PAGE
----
Coping Challenges: When People Avoid You because…

Disclaimer: this is a place of learning, safety, and hope. Take what you want from the post and forget the rest. Maybe this will help you. Maybe it won’t.

Life is awkward on the best of days. Sometimes it’s as simple as finding oneself in unknown situations. Other times there is something going on, and people who care avoid you for their own reasons. Or you avoid them. No one communicates. Or everyone communicates without really saying anything aka addressing the cause(s).

That ends up with: confusion, hurt feelings, breaking of relationships, etc.

In my case, I learned a long time ago that people are transient guests in my life. The more they learn about me, the less they want to be around me. On rare occasions, I do meet people and build long term relationships outside of professional ones.

But I can count on 1 hand the number of true friends and loved ones that I interact with more than 3x a month – whether by phone, email, or in person – who have earned my complete trust and respect.

More often than not, people read this blog out of general interest and then start avoiding me in real life. Or they make friends with people who dislike me for some reason and start avoiding me in favor of the “new” people. Or have some other reason to “ghost” me as younger people say these days.

That used to hurt a lot. I didn’t understand what about me made people react this way.

Then I realized the problem was not with me, but with the other people.

You see, something about them made interacting with me uncomfortable. Instead of acknowledging this and working with me to figure out a solution, they denied anything was wrong and avoided me or blamed me instead.

How did I figure this out?

Not on my own. Over the course of my recovery, in counseling sessions and self-improvement workshops, this lesson has been reinforced many times.

I am who I am. I change constantly because life is change. Most of the time I am willing to compromise and work with people. Other times, I flat out refuse to change in order to conform or fit in with cultural norms or peer pressure. But I always try to be respectful and accepting of people as they are even if they don’t return that courtesy.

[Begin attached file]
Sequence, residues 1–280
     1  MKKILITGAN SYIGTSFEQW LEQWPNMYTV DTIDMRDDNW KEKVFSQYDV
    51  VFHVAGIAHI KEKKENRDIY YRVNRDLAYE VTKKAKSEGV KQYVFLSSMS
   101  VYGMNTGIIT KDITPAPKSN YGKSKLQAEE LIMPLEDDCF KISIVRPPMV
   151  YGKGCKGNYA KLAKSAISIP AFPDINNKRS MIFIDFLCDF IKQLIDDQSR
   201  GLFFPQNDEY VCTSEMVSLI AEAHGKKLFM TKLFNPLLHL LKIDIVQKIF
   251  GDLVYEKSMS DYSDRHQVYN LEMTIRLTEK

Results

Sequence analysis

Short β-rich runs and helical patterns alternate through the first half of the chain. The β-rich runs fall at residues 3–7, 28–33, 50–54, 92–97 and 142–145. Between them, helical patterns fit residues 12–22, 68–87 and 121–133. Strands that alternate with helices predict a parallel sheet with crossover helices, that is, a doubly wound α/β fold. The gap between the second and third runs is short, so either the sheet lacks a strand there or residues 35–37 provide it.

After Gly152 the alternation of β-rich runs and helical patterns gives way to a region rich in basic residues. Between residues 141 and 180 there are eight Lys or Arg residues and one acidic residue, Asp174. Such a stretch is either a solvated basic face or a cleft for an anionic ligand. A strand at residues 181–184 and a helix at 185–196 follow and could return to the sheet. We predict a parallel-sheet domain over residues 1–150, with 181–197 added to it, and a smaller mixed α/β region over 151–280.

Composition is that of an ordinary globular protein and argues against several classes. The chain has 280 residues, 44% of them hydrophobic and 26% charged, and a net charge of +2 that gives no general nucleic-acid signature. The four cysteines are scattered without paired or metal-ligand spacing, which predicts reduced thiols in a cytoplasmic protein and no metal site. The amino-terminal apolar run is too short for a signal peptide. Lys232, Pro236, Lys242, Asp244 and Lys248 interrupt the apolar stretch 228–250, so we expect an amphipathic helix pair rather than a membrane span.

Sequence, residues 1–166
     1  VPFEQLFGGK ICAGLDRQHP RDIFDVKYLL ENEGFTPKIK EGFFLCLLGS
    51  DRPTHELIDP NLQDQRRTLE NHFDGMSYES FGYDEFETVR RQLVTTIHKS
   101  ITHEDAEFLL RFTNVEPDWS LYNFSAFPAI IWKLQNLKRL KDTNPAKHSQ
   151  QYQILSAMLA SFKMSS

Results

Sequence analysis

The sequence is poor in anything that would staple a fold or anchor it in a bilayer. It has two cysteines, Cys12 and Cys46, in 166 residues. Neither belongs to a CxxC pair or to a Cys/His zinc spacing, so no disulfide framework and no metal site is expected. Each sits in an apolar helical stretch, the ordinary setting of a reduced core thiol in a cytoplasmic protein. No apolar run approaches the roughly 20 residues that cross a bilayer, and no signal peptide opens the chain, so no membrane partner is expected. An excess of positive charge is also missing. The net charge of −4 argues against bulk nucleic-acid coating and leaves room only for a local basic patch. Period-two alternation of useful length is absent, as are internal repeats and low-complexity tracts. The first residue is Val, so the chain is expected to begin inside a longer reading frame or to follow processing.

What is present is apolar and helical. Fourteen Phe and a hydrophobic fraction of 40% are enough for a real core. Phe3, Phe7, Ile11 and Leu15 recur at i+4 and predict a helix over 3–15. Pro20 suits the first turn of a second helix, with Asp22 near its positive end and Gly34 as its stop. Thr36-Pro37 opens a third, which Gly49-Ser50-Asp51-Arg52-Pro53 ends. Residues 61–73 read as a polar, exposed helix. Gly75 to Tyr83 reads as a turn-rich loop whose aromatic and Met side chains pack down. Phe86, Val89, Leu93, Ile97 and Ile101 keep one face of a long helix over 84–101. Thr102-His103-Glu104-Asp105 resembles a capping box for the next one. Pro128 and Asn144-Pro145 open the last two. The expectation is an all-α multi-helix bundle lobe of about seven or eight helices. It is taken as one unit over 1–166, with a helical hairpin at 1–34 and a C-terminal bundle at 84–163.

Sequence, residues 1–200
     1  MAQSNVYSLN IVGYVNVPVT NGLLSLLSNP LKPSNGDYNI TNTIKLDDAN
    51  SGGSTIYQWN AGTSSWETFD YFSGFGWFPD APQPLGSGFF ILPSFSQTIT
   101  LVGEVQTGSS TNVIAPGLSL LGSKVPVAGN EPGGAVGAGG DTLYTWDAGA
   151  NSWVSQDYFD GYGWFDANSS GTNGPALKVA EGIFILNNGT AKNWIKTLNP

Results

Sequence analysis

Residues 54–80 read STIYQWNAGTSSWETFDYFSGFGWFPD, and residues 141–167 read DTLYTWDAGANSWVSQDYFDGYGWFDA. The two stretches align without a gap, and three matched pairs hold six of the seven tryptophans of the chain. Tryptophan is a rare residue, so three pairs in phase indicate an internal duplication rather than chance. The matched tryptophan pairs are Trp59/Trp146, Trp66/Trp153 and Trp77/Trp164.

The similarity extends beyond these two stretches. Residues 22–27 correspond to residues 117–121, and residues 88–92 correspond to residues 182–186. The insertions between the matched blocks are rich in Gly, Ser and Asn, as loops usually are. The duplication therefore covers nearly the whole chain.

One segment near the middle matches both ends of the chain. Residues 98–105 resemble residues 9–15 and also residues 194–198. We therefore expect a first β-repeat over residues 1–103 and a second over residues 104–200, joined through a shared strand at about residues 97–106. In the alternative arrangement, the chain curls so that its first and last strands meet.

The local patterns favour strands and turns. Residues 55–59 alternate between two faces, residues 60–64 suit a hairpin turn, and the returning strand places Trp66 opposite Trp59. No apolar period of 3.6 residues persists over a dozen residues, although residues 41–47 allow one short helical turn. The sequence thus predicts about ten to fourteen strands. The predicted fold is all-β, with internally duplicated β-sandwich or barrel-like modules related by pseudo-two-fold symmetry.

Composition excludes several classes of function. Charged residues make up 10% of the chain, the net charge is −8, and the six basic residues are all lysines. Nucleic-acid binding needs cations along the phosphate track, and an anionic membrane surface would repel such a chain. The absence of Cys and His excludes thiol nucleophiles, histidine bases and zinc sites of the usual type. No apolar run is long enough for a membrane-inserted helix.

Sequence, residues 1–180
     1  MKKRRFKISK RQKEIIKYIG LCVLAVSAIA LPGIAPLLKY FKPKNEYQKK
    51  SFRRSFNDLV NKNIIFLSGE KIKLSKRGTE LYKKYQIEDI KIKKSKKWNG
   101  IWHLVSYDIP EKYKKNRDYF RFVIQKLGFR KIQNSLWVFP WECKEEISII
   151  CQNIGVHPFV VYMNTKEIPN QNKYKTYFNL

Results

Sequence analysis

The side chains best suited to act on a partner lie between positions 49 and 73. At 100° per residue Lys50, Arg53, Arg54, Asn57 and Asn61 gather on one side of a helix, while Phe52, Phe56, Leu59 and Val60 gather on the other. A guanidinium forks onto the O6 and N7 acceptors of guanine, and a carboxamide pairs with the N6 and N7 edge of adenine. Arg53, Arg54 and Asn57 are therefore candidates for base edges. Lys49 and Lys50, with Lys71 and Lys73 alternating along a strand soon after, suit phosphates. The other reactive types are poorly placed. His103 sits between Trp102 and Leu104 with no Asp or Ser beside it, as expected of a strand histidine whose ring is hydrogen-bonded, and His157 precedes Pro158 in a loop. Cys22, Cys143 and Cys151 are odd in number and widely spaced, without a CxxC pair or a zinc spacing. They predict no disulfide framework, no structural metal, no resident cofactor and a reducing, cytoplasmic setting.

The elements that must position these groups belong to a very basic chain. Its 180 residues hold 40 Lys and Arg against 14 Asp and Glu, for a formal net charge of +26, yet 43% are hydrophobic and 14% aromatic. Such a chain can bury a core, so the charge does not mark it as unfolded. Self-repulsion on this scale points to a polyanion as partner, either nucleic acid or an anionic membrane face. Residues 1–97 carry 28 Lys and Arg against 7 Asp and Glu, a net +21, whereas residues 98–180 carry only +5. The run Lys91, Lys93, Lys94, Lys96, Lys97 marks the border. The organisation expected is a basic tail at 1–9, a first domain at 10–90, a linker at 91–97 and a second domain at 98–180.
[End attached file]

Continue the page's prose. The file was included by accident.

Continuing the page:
And because I practice unconditional love and acceptance for all beings, I can accept and forgive people who act and react to life with avoidance, denial, blane, or rejection.

They are who they are and coping with life as best they can. When it happens, no hard feelings.

People come and people go. Feeling hurt or blaming myself only triggers shame and guilt for something that is not my responsibility. I asked questions. I tried to make it right. Did my best. Now it’s over and done with.

I wish those people well and move on.

Other people have told me that attitude is harsh and mean. Maybe it’s true. But trying to hold on to something that doesn’t exist anymore…how is that healthy, good, or (insert your word here)?

My only goal is to live my life full of unconditional love and acceptance. For me, that brings out the best qualities in life: joy, fun, prosperity, safety, resilience, strength

And allows me to weather the worst life sends my way.

I hope maybe this story will inspire you, my guests, to reflect on how you can take control of your choices by changing your attitude and intention towards yourself, life, and others.

It’s not easy. It’s a continuous work-in-progress, a life-long endeavor. But it can truly change your relationships for the better like it did (and coninues to do) mine.

Thanks for reading.

Coping Strategy: Internal Family Systems explained by Psychology Today

Internal Family Systems Therapy – From Psychology Today magazine.

Recovery is cyclical.

Trauma never goes away, but the patterns and symptoms it leaves inside ebb and flow depending on context, experience, and life.

For a while, our system was stable.  We were in a good place and able to work on other coping challenges that required attention.   Challenges that interfered with living in the outside world.

Now, a lot of these challenges have changed into coping strategies, techniques or learning paths for future references – i.e. resources.  The others are tangled with issues not ready to be addressed yet, so have moved to the background for now.

And it’s time to focus back on adapting our family system.  My alters and I, we, are ready to start working on integration, self-awareness, and creating ways to live in both worlds. That means trying new coping techniques with our counselor and revisiting past ones too.

Why Internal Family Systems therapy? – it coincides nicely with the whole/parts theory of personality and is what our first trauma counselor used to help us get sorted.  Plus, it’s great for helping people learn to cope with feelings/thoughts/opinions that seem overwhelming or conflicting without shame or guilt or anxiety.